My favourite question to ask engineers (and I know a few) is how the Internet works.
They will start explaining it to me, and I will have to interrupt and say:
‘No, like what is it? Are there energy waves moving through us? Are the electrons moving from A to B, or a charge jumping from atom to atom? How is information stored and transported?’
And still, while I understand the technicality of the Internet, I do not understand it practically.
And yet, here I am using it every day all day.
“… a mysterious, quasi-magical force that can slay the living, revive the dead or otherwise bend the laws of nature.”
(Wikipedia on old ideas on electricity)
Bill Wilson, the cofounder of Alcoholics Anonymous, compared faith to electricity:
We may not understand it, but we accept it. We do not question it on a daily basis.
The thing is I did though, from a very young age.
Maybe it is because I grew up with a mother who claimed to be the messiah, and I didn’t start questioning God speaking through her until I was 15 years old.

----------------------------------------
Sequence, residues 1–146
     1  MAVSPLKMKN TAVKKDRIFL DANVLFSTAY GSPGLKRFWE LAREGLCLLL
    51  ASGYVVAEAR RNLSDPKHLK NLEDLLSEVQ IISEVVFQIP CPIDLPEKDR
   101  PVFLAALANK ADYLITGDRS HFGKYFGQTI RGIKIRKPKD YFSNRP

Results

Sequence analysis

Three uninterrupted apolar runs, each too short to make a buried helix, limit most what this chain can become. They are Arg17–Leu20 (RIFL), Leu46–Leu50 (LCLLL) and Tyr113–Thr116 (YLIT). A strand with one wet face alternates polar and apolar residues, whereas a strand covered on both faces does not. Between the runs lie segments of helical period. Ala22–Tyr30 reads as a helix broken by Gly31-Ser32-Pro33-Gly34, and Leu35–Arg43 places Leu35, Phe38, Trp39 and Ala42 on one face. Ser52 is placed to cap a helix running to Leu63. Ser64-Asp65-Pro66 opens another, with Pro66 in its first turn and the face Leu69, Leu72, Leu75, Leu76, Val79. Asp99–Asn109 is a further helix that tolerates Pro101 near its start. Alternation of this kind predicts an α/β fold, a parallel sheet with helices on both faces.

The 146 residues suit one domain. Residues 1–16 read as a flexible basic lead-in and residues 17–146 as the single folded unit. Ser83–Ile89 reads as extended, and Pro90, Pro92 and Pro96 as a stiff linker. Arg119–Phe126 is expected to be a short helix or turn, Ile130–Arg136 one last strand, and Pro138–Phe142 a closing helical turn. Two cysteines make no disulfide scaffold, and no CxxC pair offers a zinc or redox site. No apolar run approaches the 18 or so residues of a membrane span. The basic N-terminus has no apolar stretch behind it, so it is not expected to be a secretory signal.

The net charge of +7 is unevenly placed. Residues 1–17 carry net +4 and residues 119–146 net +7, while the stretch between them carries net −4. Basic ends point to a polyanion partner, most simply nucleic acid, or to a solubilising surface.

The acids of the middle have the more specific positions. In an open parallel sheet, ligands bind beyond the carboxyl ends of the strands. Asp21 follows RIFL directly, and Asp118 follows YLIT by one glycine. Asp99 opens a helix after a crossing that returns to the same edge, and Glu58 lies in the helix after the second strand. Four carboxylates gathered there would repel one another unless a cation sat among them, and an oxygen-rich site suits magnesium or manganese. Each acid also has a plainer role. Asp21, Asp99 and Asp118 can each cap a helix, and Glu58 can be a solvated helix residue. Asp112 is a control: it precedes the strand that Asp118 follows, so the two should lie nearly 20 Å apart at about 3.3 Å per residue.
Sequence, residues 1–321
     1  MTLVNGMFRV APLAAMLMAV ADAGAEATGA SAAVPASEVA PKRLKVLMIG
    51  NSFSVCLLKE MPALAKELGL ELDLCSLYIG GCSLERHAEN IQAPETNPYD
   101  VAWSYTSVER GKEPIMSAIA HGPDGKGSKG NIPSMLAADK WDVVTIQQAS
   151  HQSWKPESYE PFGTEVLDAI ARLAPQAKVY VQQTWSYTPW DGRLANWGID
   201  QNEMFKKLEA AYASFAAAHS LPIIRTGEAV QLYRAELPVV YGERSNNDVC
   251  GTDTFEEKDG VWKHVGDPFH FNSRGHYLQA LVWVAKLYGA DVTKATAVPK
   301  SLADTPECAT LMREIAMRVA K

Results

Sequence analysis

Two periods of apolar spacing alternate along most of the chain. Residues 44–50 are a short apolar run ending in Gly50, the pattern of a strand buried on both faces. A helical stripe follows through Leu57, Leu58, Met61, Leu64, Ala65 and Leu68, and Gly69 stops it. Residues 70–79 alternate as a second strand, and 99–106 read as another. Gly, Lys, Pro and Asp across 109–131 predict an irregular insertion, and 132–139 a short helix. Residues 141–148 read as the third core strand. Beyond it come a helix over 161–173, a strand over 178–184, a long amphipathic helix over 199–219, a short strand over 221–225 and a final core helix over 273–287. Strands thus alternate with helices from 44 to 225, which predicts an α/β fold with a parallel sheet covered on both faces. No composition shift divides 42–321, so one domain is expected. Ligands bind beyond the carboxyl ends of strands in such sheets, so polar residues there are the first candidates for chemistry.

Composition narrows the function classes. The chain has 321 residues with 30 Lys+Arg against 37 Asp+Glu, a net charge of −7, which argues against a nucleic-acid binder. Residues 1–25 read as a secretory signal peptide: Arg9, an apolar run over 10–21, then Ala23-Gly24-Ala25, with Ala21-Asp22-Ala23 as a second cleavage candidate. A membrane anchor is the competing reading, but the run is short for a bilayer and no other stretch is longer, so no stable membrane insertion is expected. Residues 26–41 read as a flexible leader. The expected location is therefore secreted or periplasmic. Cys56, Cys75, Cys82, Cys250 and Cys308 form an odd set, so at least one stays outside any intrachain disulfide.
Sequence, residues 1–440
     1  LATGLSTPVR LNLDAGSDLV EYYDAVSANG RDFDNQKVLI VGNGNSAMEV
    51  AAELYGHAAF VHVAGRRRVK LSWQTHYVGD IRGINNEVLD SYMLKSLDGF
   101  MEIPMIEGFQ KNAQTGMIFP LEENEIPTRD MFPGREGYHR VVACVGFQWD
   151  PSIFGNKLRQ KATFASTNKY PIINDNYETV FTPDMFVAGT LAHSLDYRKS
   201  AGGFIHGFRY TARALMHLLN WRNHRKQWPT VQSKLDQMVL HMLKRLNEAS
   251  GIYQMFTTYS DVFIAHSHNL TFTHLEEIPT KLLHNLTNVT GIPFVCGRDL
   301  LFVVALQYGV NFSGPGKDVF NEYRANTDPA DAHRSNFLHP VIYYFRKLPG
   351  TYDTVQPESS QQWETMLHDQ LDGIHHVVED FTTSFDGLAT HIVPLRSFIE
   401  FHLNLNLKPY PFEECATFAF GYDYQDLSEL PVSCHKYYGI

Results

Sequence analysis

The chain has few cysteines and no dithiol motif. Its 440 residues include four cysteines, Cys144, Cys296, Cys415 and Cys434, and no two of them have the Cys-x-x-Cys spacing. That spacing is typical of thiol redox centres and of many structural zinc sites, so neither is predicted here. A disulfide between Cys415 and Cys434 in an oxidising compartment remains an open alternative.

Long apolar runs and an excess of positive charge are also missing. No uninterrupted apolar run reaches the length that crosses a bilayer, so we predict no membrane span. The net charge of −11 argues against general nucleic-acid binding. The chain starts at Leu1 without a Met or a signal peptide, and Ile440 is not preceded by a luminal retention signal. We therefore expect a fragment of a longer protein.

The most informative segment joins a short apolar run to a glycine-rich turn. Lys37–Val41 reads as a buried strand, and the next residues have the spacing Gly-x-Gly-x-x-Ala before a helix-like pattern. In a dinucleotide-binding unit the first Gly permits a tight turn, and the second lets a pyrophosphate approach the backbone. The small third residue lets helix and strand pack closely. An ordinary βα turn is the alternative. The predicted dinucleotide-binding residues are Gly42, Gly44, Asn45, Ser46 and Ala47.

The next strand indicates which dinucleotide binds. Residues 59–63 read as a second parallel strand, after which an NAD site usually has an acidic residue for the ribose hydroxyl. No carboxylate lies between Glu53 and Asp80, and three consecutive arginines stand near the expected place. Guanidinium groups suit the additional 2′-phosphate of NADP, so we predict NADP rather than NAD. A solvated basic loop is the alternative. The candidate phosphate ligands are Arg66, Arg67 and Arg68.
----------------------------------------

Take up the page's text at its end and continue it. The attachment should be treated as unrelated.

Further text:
So, electricity it was.
As a child, I would get a headache if people left their phone on in a car.
I was literally never wrong.
As a teenager, I nearly failed physics class.
If electricity is a higher power, we’ve always had a tricky relationship.
Today, we reach for our phones for answers like people clung to their bibles.
We may not believe in a Higher Power, but have more than we can count in our lives.
Science and technology have seeped all the magic, doubt and unknowing, and thank God for that.
But I do yearn for the animism of our nomad ancestors, believing all objects around us to have souls. The more they witnessed, the more magic they perceived.
The closest I’ve ever been to going crazy was during a 10-day silent retreat.
No phones, no songs, no socialising.
Yet I’d never felt closer to God.
The less magic we see in the world, the less we feel inside ourselves.
The comfort of modern life shields us from it like layers of clothing desensitise our skin.
The extreme athlete Wim Hof walks around barely clothed, noting that it builds resilience to cold.
Our ancestors didn’t walk around in down coats, and Hof laments the loss of sensation that we got used to.
Did access to the entire world via electricity desensitise us to the magic in our immediate world around us?